Party on! 

Friday, August 12, 2016

Why not me, revisited

Prior to the fall of 2014, I did not feel connected to Steve Jobs in any real way, besides having owned an iPod and an Apple computer or two. The doctor who was given the task of telling me about my pancreatic tumor introduced the diagnosis by telling me what it "probably" wasn't- pancreatic adenocarcinoma. So I said, "Oh, like Patrick Swayze?" Him: "Yes." Me: "Or Steve Jobs?" Him: "Wait just a minute there. Steve Jobs had a neuroendocrine tumor, which can be curable. We think you might have a neuroendocrine tumor." I absorbed the gravity of the potential diagnosis from my knowledge of Steve Jobs, a very public figure who died of pancreatic cancer relatively recently (he died in 2011). While I did not end up having the "Steve Jobs" variety of pancreatic cancer, I did have a Whipple surgery like he did. I did have "a" variety of pancreatic cancer like he did, though it wasn't the same histology (type of tumor tissue). So, I feel a bit of a connection to Steve Jobs.

I came across this Steve jobs quote the other day as I was creating the image for the Julian of Norwich quote ("All shall be well..."): "The people who are crazy enough to think they can change the world are the ones who do."  I was instantly attracted to the quote itself, and then I saw to whom the quote is attributed. Steve Jobs. I had to save this one for later! So I created another image with his fantastic message.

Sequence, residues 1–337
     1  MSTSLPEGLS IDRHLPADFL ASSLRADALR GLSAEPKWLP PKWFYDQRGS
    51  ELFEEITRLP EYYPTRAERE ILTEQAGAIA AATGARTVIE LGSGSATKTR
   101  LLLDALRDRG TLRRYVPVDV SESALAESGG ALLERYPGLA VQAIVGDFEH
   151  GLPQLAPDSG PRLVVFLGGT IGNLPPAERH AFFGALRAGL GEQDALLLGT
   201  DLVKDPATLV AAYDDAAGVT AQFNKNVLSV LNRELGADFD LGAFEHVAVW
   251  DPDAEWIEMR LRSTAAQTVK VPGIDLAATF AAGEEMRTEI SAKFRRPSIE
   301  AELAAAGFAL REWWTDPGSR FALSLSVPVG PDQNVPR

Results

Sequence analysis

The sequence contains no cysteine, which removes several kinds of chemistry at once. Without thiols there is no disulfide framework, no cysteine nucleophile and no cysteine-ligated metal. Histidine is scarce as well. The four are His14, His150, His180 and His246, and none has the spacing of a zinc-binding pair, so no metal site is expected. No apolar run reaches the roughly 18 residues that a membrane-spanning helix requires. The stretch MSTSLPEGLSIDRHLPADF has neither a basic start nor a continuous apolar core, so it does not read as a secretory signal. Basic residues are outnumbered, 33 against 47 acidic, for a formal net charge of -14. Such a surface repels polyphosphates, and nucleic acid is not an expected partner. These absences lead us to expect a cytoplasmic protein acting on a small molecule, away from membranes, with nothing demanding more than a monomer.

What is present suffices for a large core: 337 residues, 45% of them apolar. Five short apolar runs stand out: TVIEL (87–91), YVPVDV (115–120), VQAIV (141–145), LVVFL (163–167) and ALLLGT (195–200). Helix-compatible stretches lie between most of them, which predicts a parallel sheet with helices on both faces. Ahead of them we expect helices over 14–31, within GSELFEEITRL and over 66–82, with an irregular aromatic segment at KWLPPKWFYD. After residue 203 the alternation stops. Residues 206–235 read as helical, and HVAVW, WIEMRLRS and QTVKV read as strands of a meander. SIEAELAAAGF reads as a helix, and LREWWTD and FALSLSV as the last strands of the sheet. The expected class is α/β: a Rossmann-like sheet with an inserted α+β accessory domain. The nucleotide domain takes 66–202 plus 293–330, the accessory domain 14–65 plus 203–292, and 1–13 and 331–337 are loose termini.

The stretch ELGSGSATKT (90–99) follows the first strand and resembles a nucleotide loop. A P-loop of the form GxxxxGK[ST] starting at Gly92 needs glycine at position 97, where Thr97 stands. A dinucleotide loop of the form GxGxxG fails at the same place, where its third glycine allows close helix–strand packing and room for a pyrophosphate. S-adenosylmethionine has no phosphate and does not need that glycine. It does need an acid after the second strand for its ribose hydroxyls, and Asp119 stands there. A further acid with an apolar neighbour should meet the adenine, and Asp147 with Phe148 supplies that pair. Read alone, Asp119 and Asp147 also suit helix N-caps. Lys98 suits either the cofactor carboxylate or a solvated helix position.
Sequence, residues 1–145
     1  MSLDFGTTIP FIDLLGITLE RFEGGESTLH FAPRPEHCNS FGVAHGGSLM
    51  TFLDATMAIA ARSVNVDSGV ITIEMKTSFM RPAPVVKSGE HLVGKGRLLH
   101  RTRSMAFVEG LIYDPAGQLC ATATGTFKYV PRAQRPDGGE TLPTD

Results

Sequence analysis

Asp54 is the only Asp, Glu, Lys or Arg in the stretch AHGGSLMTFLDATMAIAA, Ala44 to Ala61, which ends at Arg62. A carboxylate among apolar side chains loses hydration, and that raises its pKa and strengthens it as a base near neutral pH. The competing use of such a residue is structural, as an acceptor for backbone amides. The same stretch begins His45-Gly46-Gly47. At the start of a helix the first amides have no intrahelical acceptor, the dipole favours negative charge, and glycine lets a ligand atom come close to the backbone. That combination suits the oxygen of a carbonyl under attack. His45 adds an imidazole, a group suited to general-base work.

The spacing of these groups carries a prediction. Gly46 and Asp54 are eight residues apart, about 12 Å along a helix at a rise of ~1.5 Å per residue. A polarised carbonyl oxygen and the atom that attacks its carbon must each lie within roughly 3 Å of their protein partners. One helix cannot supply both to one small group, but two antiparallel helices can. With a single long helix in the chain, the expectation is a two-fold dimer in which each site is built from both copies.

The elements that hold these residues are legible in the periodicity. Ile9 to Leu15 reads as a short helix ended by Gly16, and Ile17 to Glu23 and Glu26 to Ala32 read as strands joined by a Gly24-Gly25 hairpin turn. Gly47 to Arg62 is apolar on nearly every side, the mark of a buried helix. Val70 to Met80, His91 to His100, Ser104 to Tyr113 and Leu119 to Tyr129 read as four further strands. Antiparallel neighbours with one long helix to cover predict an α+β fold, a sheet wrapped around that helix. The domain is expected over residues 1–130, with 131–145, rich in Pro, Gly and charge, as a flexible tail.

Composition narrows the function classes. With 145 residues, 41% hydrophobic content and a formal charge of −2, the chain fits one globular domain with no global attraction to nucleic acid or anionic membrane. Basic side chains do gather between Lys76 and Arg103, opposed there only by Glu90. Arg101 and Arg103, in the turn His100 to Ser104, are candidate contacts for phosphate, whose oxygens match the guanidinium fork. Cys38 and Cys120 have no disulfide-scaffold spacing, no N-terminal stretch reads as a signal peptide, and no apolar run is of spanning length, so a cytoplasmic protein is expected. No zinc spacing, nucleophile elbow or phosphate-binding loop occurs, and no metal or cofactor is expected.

As I tried to make peace with my trial of an illness, I didn't wonder "Why me?" I decided to question, "Why not me?" Or I tried to, at least. "Why me?" is a pity-seeking question in my opinion. To me, "Why not me?" means that I am like everyone else. I am not more or less deserving of good or bad things. So, I got a tumor. "Why me?" is not a really productive thought to ponder, but "Why not me?" grounded me to the idea that the random and bad things that can happen are just that: random. Maybe you already see how this world view of mine relates to people being crazy enough to believe they can change the world, maybe you don't. Simply: People do make a difference. Why can't I be one of those people? I can! Why not me? Why can't you be one of those people? You can! Why not you? 

Thursday, August 11, 2016

All will be well

I'm not a regular churchgoer, though I sometimes attend a local Universal Unitarian Sunday service. I heard these wise words during the "For All Ages" part of a poetry-themed service, though the speaker changed "shall" to "will," probably to make the saying more understandable to the younger folk. The speaker said this was a poem he kept in "his back pocket." While it's not a poem, exactly, it's a good saying to have at the ready. It's a really eloquent (and poetic) way of saying, "It's going to be alright!" I now prefer Julian of Norwich's positive spin to my oft-used, back-pocketed saying, "This too shall pass."